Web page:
Ingrid Monson: Tuning in to Neba Solo’s Music and Culture of Change in Mali
Two men from Mali smile at rich applause as they briskly hammer rustic wooden marimbas. Their music fairly bubbles, bright and buzzy, in highly infectious, interlocking rhythms. The leader sings with heartfelt warmth, the joy and humor in his voice belying the urgency of his messages: “Please tolerate others!” “Vaccinate your children!” “Treat women as equals!” “Don’t destroy our heritage!” “Don’t practice bribery!” “Beware of sex predators!” and “Don’t kill the children! They’ve done no wrong.”
The scene was Radcliffe Gym last November, and the singer was Neba Solo, a visiting scholars performer, thanks to Ingrid Monson, this year’s Suzanne Young Murray Fellow. Solo is the subject of Monson’s Radcliffe project and her book in progress, “Kenedougou Visions.” The man of the hour, he is also a man for his people in war-torn Mali.
But the show almost didn’t go on. “Since Mali’s government collapsed last March,” Monson explains, “the infrastructure has failed, Islamist forces are making havoc, and travel has become difficult, treacherous.” Monson scuttled her planned year of research in Mali; passage to America was a rocky odyssey for Solo—a cultural icon and voice of change in Mali—and his brother and bandmate, Siaka Traoré.
Monson, the Quincy Jones Professor of African American Music at Harvard University since 2001, is enjoying a distinguished career as an ethnomusicologist. She earned her musical spurs playing trumpet in classical and then jazz orchestras. A keen ear for Miles Davis and Charlie Parker drove her to tackle bebop at the New England Conservatory. “Learning bop in jazz ensembles was tough but inspirational,” she says, “and exposed me to salsa, klezmer, and world music.”
Working in various bands made Monson aware of “the importance of ensemble interaction” and “how culture informs different ways of organizing bands.” After earning her PhD at New York University, she taught and wrote while at the University of Chicago and Washington University in St. Louis. Her book Freedom Sounds (1998) brought her to Harvard first as a visiting professor and later as the inaugural occupant of the Jones chair. “I did not want to reduce jazz scholarship to technical issues,” Monson says, “since large parts of the story are community, race, culture, dignity, emotion, honor. I always wanted to find that balance between musical substance and its deeper meaning: struggle, unity, harsh debates on civil rights.”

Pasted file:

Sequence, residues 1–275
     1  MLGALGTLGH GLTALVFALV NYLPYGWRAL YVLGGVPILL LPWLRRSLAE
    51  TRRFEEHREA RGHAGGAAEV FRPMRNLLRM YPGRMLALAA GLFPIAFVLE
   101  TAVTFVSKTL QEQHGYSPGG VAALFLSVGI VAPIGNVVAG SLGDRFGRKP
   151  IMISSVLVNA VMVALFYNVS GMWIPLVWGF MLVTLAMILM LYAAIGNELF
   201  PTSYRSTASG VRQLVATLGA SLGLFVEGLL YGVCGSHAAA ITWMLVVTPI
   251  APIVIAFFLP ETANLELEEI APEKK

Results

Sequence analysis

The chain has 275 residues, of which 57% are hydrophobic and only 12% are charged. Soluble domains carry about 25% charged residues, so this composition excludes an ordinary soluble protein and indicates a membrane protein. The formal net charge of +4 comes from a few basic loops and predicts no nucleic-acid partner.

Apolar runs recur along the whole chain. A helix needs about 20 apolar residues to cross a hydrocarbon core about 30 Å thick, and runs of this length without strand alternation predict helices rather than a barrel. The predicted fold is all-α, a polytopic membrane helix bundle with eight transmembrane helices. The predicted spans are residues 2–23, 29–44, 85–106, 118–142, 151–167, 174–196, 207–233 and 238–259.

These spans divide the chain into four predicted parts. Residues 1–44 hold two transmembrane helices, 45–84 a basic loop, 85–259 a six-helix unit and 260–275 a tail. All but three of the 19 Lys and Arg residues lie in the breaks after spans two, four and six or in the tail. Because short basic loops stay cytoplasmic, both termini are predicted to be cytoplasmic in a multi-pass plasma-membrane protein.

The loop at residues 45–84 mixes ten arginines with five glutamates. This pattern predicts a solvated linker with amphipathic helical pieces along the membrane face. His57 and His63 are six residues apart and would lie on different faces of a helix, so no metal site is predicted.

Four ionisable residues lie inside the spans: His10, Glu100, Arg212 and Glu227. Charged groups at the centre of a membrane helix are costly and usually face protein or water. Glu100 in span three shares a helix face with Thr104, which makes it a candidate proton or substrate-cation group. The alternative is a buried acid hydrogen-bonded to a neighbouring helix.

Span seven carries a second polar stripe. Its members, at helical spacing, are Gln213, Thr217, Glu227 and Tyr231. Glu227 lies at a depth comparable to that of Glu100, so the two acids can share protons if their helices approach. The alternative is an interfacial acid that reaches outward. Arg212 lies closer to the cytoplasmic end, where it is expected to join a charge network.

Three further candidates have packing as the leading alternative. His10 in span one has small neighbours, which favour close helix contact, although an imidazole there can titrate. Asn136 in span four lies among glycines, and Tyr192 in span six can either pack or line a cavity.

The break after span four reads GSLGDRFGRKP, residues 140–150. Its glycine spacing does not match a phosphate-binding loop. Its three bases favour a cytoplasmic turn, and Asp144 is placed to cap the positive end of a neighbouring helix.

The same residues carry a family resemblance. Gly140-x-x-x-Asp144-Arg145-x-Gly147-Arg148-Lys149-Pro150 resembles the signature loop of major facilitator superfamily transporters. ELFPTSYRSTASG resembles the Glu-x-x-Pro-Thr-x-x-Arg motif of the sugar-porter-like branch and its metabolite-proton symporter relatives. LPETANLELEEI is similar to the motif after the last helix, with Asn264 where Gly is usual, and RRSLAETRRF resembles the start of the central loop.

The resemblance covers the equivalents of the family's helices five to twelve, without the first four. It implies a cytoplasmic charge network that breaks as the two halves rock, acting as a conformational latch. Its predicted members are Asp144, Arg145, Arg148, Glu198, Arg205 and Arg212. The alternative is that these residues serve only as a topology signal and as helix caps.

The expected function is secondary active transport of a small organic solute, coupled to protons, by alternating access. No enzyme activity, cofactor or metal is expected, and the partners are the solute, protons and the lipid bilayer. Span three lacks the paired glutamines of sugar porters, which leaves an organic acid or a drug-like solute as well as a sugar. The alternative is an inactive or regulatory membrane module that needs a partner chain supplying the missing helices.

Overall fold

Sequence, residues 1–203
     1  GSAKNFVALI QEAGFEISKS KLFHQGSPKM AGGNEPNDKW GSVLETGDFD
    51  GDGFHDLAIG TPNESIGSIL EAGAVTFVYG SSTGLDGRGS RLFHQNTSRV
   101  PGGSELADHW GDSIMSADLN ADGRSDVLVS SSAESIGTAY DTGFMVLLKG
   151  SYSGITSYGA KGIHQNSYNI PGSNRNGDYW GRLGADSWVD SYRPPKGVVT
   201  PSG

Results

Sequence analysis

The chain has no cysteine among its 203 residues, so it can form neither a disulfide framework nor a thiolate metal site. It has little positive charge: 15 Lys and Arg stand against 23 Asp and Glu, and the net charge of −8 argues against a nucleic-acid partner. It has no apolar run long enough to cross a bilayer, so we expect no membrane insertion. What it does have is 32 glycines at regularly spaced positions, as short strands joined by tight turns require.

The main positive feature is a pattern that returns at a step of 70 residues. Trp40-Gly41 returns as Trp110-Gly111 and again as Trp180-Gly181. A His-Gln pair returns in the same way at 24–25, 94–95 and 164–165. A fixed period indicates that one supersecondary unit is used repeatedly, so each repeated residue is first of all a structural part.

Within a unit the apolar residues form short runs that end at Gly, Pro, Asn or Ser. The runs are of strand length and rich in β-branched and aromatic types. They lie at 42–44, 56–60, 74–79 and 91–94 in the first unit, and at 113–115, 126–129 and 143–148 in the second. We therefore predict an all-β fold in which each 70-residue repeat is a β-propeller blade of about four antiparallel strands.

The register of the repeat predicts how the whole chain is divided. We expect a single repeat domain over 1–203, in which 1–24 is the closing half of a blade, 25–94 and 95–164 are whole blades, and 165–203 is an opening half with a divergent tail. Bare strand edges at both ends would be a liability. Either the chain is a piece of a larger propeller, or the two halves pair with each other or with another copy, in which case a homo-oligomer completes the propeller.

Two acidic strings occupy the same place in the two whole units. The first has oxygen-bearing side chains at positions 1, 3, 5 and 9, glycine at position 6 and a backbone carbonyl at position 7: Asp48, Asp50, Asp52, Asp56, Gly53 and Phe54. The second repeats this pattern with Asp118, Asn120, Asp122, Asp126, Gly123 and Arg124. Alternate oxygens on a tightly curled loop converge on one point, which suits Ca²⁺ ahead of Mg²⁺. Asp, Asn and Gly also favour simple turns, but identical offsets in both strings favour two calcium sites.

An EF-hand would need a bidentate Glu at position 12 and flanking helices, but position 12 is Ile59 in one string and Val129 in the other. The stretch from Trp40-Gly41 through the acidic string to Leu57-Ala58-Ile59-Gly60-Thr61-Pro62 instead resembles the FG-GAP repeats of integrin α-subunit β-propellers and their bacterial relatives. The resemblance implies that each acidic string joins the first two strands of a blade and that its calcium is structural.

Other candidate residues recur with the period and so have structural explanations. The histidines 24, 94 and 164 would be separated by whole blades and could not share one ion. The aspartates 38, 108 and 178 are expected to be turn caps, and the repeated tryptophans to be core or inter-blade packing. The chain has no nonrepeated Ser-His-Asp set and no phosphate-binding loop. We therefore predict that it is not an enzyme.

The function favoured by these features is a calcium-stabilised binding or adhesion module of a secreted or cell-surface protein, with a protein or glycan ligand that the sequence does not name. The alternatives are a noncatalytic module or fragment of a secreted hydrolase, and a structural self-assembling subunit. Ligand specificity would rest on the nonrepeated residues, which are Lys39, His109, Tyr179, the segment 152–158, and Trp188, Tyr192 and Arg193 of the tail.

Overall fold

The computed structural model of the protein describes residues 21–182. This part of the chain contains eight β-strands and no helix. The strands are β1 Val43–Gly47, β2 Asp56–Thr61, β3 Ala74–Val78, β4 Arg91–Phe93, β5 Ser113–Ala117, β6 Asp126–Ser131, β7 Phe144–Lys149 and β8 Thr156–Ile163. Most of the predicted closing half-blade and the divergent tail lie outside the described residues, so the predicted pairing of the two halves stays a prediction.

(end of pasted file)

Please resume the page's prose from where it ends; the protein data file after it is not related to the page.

“Ingrid Monson is a remarkably diverse scholar, musician, and educator,” avers Tom Everett, the director of Harvard’s Bands and jazz advisor to the Office for the Arts. “She’s respected for her published writings and research in African, African American, jazz, and American social/political musics. Her performance experiences have earned her unique perspectives and insights into those subjects.”
Neba Solo is a riveting singer-storyteller, a hypnotic performer and virtuosic improviser on his handmade five-foot balafon with buzzing gourd resonators on a raked frame. The balafon is one of Mali’s signature cultural instruments, heard at births, weddings, dances, and funerals nearly as often as the ngoni and the kora, Mali’s famous stringed instruments. As artist and artisan, Solo crafts balas in breakthrough designs (pentatonic, not heptatonic, with extra bass notes) and sells them to a growing cadre of fans and emulators.
Although Solo’s impact outside Mali doesn’t match that of Salif Keita or Ali Farka Touré, he has toured France, China, South Korea, and the US. His music connects to the blues, and his political messages in lyrics of discontent resonate with those of Woody Guthrie, Marvin Gaye, and James Brown.
“Solo’s an iconic bandleader like [the jazz bassist] Charles Mingus,” explains Monson. “He composes brilliantly, plays many instruments, knows his band’s capabilities, and jazzes up traditional music with expanded bass lines and virtuosity. He also has a keen political awareness. Solo’s cultural tradition is to exhort people to ‘do the right thing,’ promote common justice, tell the truth, and join forces in national unity, and he accomplishes it with tunes that exemplify unity through interlocking rhythms and counterpoint.”
Solo has exerted his cultural voice with songs of gentle protest, attempting to shore up Mali’s eroding, imperiled culture. His no-nonsense lyrics (sung in his native Senufo, Bamana, or sometimes French) candidly condemn bribery, habitat destruction, and dishonesty, and praise AIDS education, vaccination, and political integrity.
Monson studied balafon with Solo while in Mali in 2005 to help inform her research. “It was not like jazz, and this made me humble. . . . I didn’t have time to practice enough to perform well, but playing the music helps me explain the music: how the musical patterns work. Solo had me play a loop pattern and he’d improvise over it, vary it, slowly, one to the next.” Malians quickly identify the sets of patterns with specific groups: cultivators (farmers), acrobats, clowns. In an ideal performance, Solo would add professional dancers in his own fast, synchronized choreography, its gestures giving the music a singular visual unity.
Solo’s concert at the gym prompted vociferous applause and a particularly lively question-and-answer session. “I’m grateful that Radcliffe offers such a stimulating environment for the arts and scholarship,” says Monson. “Few institutes have that perspective or offer such unstinting support.”
Fred Bouchard writes about music for Downbeat Magazine, Boston Musical Intelligencer, and New York City Jazz Record and teaches at Berklee College of Music.